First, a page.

Dale A. Olsen Collection

Collection Overview

  • 481 audio reels
  • 231 audio cassettes
  • 156 Hi8 videos
  • 55 records
  • 26 video reels
  • 5 CD and DAT recordings

List of items (Excel)

Olsen playing shakuhachi

Dale Olsen playing shakuhachi

Dale A. Olsen was born in 1941 in Albert Lea, Minnesota. He received both a Bachelor’s degree in 1964 and Master’s degree in 1966 from the University of Minnesota, where he studied Historical Musicology and Flute Performance, and received his Doctorate degree in 1973 from the University of California, Los Angeles.

Between his Master’s and Doctoral degrees, Dr. Olsen lived with his wife, Diane, as a Peace Corps volunteer in Santiago, Chile where he served as principal flutist of the Philharmonic Orchestra of Chile. Since then he has lived, worked, and conducted research in South America as a National Endowment for the Humanities awardee, a Fulbright scholar, a Florida State University Developing Scholar, and a Committee on Faculty Research Support awardee. Dr. Olsen also received grants to conduct research in American and European museums, Italy, China, Korea, Tonga (South Pacific), Japan, Ireland, Vietnam, Thailand, and Panama. In 2005-06 he was awarded a Guggenheim Memorial Fellowship to finish a book, Popular Music of Vietnam: The Politics of Remembering, The Economics of Forgetting. Dr. Olsen began teaching at the Florida State University School of Music in 1973, became a Distinguished Research Professor in 2001, and retired in 2008 as Professor Emeritus.

The Dale A. Olsen Collection consists of over 800 audio and visual items that span Dr. Olsen’s career as a researcher and educator from 1965 to 2007. They contain a variety of music from Japan, China, Indonesia, Persia, Africa, Ireland, South America, the Caribbean, and North America. While most of the recordings chronicle Dr. Olsen’s extensive fieldwork in South America with Japanese immigrants and Warao Indians, other recordings include concerts by FSU world music ensembles, student and guest lectures, other special events and ceremonies, private gatherings at home, and even a handful of commercial recordings. About 80 of the reel-to-reel recordings were actually used as audio examples for Olsen’s study of the connection of indigenous tribes to their environment, Music of the Warao of Venezuela: Song People of the Rain Forest, winner of the 1997 Alan P. Merriam Prize for "Most Outstanding Book in Ethnomusicology."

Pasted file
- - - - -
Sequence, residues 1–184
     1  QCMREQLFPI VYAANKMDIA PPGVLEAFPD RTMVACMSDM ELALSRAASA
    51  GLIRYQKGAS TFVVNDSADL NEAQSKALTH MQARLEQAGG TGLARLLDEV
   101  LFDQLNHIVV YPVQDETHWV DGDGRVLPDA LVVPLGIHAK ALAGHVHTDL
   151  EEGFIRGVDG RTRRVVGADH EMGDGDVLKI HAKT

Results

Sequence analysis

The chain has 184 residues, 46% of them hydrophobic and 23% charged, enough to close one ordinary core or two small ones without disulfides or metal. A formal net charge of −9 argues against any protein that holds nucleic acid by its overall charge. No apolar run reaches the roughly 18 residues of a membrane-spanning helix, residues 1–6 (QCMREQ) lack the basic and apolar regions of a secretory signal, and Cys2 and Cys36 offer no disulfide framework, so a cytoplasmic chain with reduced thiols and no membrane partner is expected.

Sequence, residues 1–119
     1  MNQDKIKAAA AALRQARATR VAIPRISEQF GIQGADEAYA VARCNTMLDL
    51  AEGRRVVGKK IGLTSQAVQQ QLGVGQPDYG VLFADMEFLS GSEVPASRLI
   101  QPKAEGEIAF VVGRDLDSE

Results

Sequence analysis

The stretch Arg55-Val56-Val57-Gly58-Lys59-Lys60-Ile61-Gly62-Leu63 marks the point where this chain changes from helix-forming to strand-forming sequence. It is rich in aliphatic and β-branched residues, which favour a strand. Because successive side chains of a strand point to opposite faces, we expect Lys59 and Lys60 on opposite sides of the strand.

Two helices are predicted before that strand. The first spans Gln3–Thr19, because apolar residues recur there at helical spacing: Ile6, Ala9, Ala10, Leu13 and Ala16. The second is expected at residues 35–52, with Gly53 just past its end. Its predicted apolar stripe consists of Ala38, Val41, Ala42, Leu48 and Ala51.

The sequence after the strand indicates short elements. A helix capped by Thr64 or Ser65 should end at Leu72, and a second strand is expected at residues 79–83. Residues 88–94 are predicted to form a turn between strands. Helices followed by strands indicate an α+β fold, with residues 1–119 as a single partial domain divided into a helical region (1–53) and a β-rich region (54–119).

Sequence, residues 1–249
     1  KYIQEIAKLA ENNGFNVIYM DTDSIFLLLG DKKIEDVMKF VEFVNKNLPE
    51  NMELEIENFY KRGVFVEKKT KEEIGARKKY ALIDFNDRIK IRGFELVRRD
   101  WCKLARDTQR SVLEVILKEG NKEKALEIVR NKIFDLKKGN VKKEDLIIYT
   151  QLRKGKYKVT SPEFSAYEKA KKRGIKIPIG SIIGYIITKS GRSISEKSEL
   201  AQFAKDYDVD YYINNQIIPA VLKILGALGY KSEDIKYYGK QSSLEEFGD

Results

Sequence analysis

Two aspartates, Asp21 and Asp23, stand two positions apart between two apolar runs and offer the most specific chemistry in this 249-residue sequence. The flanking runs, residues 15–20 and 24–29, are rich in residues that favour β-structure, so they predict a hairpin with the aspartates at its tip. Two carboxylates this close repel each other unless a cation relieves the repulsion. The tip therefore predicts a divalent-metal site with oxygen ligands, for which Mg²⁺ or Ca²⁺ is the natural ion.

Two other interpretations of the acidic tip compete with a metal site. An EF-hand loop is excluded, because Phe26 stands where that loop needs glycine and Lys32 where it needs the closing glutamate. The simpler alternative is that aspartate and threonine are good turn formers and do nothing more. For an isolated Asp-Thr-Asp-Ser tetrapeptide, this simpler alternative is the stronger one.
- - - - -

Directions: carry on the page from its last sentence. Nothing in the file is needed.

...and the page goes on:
Not only was Dr. Olsen a devoted researcher, he was also an avid performer on several of the recordings in the collection. His many talents can be heard on a range of instruments including the Japanese shakuhachi (for which he received a shihan diploma), the Irish transverse flute, the English recorder, and a long list of indigenous South American instruments.

Dr. Olsen has been published over one hundred times, including seven books; he edited Music of Latin America; co-edited volume of the Garland Encyclopedia of World Music with Dan Sheehy; and was the recording review editor for Ethnomusicology. A number of his articles have appeared in the Journal of the American Musical Instrument Society, Asian Music Journal, Ethnomusicology, Latin American Music Review, College Music Symposium, Journal of Latin American Lore, Worlds of Music, and elsewhere.

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